Data presented this week during the 40th
Interscience Conference on Antimicrobial Agents and Chemotherapy (ICAAC) in
Toronto, Canada show Zyvox® (linezolid injection, tablets and for oral
suspension) may help some patients with certain difficult-to-treat infections to be discharged from hospitals sooner.
Zyvox is the first antibiotic in a completely new class in 35 years that is an increasingly used option to treat indicated Gram-positive infections. Zyvox is being featured this week in a symposium, oral presentations and more than 40 posters at ICAAC.
A poster presented on Sunday, September 17 demonstrates that Zyvox is
associated with a significantly higher rate of hospital discharge in the first week of therapy among patients with complicated skin and soft tissue
infections (examples include surgical wound infections and serious abscesses).
To understand the impact of treatment with Zyvox on length of stay,
researchers examined patterns of methicillin-resistant Staphylococcus (MRS)
rates, which typically range from 20 to 50 percent in U.S. hospitals. The
analysis compared length of stay for patients treated with Zyvox and patients
treated with two other treatment regimens: vancomycin for MRS infections and
oxacillin IV/dicloxacillin oral for methicillin-susceptible infections. In
the group of patients where MRS infection rates were at or greater than 20
percent, as typically seen in a real world setting, the data indicate that
discharge rates for clinically evaluable patients at day seven were
significantly higher among patients treated with Zyvox than patients treated
"Shorter hospital stays minimize costs and patient discomfort," said Jack
Remington, M.D., Professor of Medicine at Stanford University Medical Center.
"As data are presented and clinical experience is shared, we discover more
about the efficacy, safety and convenience Zyvox affords healthcare
professionals and patients."
Worldwide studies show Zyvox provides effective coverage of indicated
Gram-positive infections, including susceptible and certain resistant
infections. Zyvox is available in IV and oral formulations. Zyvox tablets
are 100 percent bioavailable, meaning physicians can use the IV and tablet
forms interchangeably without making a dose adjustment.
Zyvox was approved by the U.S. Food & Drug Administration on April 18,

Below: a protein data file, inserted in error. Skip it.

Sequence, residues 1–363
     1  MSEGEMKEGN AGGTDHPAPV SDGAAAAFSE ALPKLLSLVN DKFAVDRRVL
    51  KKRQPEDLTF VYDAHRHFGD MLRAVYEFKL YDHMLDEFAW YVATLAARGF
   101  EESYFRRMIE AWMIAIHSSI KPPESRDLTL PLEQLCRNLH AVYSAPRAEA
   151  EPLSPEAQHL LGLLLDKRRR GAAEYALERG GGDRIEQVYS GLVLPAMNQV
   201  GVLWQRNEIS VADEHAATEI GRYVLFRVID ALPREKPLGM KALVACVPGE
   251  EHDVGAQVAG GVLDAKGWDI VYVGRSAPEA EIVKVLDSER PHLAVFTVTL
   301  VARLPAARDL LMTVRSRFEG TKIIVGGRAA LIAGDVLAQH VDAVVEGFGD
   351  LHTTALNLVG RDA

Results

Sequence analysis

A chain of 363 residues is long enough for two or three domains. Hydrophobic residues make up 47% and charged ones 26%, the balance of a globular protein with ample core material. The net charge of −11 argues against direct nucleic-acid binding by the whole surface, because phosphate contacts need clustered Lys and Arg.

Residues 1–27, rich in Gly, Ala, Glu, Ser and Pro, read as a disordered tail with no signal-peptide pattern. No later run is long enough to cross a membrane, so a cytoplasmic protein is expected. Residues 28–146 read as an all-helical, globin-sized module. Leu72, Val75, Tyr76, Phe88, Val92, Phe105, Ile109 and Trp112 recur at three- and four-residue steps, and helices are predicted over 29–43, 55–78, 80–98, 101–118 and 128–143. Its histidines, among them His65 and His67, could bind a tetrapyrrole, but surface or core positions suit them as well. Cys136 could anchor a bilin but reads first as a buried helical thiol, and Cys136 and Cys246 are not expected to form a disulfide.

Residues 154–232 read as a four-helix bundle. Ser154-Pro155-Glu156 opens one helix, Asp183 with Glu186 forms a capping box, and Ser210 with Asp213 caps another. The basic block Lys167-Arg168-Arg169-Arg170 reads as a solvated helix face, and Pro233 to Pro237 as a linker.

2000, and is now available in the United States. Indications for Zyvox
include the treatment of adults with complicated skin and skin structure
infections caused by Staphylococcus aureus (methicillin-susceptible and
resistant), Streptococcus agalactiae and Streptococcus pyogenes. Representing
the first antibiotic from the oxazolidinone class, Zyvox attacks bacteria in a
way unlike any existing therapies. Zyvox attacks bacteria by stopping protein
production at a very early point in the process that is different from any
other antibiotic. Without protein production, bacteria cannot multiply and
Zyvox is generally well tolerated. The adverse events reported for
patients receiving Zyvox and comparators in clinical trials were similar. The
most common events for patients treated with Zyvox were diarrhea (8.3
percent), headache (6.5 percent), nausea (6.2 percent) and vomiting (3.7
percent). Events were usually mild to moderate in intensity and limited in
duration. Certain patients should have periodic monitoring of their blood
platelet levels while taking Zyvox.
Zyvox is being developed for global use. In addition to the US, Zyvox has
been approved in Brazil, Mexico and Chile. A New Drug Submission (NDS) was
submitted to the Therapeutic Products Programme of Health Canada in November
1999 and is currently awaiting approval. A market authorization application
has been submitted to the U.K. Medicines Control Agency (MCA), which is in the
process of reviewing the file. A market application has been filed in Japan.
Applications are also being submitted throughout Latin America and Asia.